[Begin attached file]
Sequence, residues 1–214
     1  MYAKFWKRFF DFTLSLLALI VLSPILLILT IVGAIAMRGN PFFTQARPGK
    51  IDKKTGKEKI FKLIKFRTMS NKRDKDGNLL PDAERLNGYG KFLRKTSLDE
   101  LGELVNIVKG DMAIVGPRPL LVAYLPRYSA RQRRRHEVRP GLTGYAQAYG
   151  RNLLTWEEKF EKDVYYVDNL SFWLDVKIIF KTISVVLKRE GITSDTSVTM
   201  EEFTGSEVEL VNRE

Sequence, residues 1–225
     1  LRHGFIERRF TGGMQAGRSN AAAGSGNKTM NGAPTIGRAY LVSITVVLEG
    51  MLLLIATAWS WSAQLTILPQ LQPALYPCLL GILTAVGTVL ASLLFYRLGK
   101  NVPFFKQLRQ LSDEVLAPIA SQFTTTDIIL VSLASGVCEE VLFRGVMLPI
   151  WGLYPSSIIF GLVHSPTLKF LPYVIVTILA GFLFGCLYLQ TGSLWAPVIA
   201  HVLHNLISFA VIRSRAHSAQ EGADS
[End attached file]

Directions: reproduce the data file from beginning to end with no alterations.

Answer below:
Sequence, residues 1–214
     1  MYAKFWKRFF DFTLSLLALI VLSPILLILT IVGAIAMRGN PFFTQARPGK
    51  IDKKTGKEKI FKLIKFRTMS NKRDKDGNLL PDAERLNGYG KFLRKTSLDE
   101  LGELVNIVKG DMAIVGPRPL LVAYLPRYSA RQRRRHEVRP GLTGYAQAYG
   151  RNLLTWEEKF EKDVYYVDNL SFWLDVKIIF KTISVVLKRE GITSDTSVTM
   201  EEFTGSEVEL VNRE

Sequence, residues 1–225
     1  LRHGFIERRF TGGMQAGRSN AAAGSGNKTM NGAPTIGRAY LVSITVVLEG
    51  MLLLIATAWS WSAQLTILPQ LQPALYPCLL GILTAVGTVL ASLLFYRLGK
   101  NVPFFKQLRQ LSDEVLAPIA SQFTTTDIIL VSLASGVCEE VLFRGVMLPI
   151  WGLYPSSIIF GLVHSPTLKF LPYVIVTILA GFLFGCLYLQ TGSLWAPVIA
   201  HVLHNLISFA VIRSRAHSAQ EGADS